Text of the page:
What’s more, CrazyEgg integrates nicely with KISSmetrics. Don’t just track where people clicked – find out what they did once they got there. Using both tools together will help you see exactly where changes should be made, and track conversions across all platforms – social, email, product and more.

About the Author: Sherice Jacob creates beautiful, high-converting landing pages, in addition to designing blogs and writing compelling content. Learn more at iElectrify or @sherice on Twitter.

  1. Useful stuff.

    I’ve found on my sites through using tools such as this that my images on the sidebar were often being mistake for ads.

    Definitely info that you need to know.

  2. Well, noobs are really going to make something out of this post.I was in search of some ways to promote our new venture, http://www.3dollargigs.com , the most affordable graphic solution on the planet.

  3. loved this post! Another wonderful factual aid to help my clients. Thanks again.

  4. I agree with the prvious comments, a useful post for beginners. Definitely some action points to test and evaluate with some split testing.

  5. WOW, didn’t know that out attention goes first to the middle of the website. I ‘ve read somewhere that it goes to the upper left. It’s interesting!

  6. This is awesome i will actually love to have one

  7. People read how they read: in an ‘F’. Left to right and look for headings. If you can afford it it is a very useful exercise. Couple that with expert reviews and usability testing and you should have your site on the way to the unobtainable ‘perfectly optimised’ status.. unless of course it suggests a full site redesign :)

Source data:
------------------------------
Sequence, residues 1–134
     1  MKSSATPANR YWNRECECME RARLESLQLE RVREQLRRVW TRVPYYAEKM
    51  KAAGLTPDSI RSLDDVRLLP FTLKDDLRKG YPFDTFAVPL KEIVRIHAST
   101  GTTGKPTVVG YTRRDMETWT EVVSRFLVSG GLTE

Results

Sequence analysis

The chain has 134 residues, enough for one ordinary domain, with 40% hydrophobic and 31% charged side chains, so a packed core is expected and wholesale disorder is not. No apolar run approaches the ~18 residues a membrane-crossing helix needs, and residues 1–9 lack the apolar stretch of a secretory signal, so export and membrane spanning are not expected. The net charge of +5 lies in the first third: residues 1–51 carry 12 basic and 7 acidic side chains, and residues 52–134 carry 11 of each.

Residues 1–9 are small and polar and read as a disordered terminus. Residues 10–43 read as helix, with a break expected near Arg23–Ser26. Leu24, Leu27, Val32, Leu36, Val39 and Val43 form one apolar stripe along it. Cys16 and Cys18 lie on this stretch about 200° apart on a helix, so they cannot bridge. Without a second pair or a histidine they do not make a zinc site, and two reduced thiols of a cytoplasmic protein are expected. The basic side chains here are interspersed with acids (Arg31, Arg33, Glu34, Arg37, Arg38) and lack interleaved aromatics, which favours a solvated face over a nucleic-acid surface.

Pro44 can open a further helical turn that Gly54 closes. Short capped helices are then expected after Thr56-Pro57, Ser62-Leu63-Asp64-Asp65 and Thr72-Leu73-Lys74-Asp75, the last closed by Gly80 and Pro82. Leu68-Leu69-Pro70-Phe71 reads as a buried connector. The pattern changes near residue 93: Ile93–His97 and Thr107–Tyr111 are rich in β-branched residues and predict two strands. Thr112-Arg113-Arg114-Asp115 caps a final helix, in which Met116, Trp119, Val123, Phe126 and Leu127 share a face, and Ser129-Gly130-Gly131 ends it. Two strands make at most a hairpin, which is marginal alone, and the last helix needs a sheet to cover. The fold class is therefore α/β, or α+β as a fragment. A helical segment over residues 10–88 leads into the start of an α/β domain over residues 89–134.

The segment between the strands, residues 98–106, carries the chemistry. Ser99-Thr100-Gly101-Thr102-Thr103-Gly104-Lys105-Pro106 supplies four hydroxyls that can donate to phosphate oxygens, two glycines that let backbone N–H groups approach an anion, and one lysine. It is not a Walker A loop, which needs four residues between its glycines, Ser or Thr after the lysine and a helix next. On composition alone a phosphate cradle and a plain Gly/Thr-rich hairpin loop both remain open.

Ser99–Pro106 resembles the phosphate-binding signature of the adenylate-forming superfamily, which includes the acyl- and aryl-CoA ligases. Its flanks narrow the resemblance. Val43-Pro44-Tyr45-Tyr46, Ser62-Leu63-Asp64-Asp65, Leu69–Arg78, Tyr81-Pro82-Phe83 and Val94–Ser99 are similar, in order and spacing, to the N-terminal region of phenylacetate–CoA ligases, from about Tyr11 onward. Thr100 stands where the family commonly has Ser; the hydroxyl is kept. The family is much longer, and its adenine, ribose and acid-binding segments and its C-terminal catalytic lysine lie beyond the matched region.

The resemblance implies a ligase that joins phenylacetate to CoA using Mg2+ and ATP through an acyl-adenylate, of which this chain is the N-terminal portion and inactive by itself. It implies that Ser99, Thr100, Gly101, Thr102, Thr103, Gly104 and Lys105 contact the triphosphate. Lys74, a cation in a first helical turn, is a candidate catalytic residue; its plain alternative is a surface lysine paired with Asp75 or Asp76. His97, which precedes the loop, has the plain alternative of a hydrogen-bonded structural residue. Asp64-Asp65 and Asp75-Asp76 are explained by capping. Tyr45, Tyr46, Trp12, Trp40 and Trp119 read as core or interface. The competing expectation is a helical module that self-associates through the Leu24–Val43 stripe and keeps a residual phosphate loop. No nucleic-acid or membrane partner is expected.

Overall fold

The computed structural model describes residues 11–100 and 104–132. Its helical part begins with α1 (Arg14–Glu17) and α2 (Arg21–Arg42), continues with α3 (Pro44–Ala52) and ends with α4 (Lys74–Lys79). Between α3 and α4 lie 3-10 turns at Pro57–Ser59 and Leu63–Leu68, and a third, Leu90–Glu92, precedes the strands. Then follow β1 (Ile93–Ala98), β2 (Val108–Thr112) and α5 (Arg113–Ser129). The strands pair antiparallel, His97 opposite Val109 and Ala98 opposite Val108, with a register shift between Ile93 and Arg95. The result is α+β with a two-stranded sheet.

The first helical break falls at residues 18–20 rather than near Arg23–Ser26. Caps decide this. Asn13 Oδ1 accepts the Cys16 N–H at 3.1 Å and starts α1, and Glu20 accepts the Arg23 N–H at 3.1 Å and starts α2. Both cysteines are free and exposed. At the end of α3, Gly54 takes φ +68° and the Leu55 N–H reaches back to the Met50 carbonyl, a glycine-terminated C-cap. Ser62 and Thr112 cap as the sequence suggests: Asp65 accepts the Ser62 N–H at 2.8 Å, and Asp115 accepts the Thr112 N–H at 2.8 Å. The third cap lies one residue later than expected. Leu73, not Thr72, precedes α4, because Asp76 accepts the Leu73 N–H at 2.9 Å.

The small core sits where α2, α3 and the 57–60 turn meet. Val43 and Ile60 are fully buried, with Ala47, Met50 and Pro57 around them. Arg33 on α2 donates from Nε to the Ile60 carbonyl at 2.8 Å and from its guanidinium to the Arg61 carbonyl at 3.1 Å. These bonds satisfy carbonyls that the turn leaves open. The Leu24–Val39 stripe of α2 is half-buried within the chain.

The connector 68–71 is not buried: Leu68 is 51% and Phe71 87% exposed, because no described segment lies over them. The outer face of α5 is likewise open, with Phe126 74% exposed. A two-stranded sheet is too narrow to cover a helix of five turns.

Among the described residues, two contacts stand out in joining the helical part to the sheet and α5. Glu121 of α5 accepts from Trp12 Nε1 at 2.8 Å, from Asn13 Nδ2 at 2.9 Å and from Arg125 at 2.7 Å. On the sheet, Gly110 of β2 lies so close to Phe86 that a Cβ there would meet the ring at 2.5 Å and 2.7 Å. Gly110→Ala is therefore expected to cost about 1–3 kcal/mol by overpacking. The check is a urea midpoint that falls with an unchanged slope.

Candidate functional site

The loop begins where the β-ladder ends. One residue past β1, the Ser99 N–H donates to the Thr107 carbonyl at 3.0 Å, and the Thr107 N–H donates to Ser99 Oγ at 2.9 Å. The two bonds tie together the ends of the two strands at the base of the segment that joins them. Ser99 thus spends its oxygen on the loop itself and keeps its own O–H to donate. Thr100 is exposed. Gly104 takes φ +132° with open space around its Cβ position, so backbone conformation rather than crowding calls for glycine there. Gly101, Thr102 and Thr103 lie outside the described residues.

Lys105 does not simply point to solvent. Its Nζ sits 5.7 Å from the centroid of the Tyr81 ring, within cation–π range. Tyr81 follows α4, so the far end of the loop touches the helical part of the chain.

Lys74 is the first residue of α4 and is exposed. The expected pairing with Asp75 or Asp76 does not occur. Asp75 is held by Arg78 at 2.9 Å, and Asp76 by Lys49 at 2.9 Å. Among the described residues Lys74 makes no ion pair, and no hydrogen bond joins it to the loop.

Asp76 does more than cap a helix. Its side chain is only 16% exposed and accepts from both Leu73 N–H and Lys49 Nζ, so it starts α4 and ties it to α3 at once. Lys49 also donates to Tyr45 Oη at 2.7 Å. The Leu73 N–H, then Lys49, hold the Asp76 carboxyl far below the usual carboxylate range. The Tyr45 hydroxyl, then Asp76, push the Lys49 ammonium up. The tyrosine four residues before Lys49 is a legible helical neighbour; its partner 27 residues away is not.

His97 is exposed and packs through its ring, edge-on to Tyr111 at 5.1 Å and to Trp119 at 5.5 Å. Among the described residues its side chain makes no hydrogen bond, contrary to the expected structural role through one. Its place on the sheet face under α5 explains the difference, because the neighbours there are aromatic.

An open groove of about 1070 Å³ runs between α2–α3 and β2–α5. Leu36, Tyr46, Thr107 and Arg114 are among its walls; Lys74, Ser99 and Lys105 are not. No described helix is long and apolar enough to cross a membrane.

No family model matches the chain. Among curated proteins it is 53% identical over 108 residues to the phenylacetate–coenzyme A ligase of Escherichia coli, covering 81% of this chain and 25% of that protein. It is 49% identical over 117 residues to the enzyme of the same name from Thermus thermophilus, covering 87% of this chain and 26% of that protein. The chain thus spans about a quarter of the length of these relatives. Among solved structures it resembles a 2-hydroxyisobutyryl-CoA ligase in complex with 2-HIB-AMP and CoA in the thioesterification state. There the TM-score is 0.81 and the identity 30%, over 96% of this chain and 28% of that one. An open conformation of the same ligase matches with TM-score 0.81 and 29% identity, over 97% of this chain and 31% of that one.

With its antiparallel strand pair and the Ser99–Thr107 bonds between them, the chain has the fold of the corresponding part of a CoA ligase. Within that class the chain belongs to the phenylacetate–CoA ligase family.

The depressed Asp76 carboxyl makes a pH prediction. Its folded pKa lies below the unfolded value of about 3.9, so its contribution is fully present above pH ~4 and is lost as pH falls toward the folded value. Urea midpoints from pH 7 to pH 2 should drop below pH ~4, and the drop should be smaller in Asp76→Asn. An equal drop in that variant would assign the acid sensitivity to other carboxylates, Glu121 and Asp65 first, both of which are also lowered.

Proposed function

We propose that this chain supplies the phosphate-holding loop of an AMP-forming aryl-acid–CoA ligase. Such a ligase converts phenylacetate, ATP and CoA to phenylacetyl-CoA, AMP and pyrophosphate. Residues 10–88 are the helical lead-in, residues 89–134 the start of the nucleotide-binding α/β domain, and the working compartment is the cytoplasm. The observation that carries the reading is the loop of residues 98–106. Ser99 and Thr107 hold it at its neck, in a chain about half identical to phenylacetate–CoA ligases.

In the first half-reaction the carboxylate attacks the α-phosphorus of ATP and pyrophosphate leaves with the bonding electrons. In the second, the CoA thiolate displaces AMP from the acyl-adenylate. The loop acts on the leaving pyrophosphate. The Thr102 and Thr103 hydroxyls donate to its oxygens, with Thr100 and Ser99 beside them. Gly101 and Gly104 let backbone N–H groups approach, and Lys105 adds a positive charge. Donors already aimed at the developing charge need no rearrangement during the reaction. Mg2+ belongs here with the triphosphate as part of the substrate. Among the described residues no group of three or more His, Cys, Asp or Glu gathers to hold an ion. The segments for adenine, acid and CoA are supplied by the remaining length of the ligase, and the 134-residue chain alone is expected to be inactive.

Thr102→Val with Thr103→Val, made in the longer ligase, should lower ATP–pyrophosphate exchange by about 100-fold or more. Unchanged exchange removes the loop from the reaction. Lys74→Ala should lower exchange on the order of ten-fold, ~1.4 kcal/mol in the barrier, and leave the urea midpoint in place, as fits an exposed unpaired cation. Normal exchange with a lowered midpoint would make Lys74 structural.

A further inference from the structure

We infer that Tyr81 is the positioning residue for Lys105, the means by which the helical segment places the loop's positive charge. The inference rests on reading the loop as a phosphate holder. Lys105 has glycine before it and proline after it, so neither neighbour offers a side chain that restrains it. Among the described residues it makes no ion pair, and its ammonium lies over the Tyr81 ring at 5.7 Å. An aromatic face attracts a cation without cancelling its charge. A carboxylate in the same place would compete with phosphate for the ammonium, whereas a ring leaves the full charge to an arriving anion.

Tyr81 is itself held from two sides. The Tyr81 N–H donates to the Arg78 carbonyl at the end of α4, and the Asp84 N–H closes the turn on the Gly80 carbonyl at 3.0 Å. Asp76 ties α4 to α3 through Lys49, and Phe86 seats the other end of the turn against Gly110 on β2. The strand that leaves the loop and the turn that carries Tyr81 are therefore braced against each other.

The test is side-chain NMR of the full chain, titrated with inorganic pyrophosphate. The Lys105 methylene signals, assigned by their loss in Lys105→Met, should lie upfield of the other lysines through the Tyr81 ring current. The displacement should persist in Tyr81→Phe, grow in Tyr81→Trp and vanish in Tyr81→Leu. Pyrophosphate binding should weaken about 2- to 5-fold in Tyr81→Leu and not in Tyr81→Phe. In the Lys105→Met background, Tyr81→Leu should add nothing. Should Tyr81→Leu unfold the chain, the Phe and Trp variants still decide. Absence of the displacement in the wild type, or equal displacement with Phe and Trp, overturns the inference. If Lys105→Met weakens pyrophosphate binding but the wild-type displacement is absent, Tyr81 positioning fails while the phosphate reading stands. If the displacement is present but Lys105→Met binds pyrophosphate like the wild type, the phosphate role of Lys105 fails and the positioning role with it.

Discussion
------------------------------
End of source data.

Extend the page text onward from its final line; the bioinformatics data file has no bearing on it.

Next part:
If you’re in Melbourne or Australia even, I’ve seen some great work done by Access Testing (http://www.accesstesting.com.au/)

  8. Sherice – Great article. However, the transition from Eye-tracking to Crazyegg (heatmaps) was not clear. Eye-tracking & Heatmaps are different. Eye-tracking represents how users looked at the areas of a webpage vs Heatmaps represents where exactly users clicked after looking at the webpage. Both represent different set of data. For example – users could have looked the image of person (represented by Eye-tracking) but clicked on Call-to-action button (represented by Heatmap). Not to say, that Heatmaps are great set of tools to use.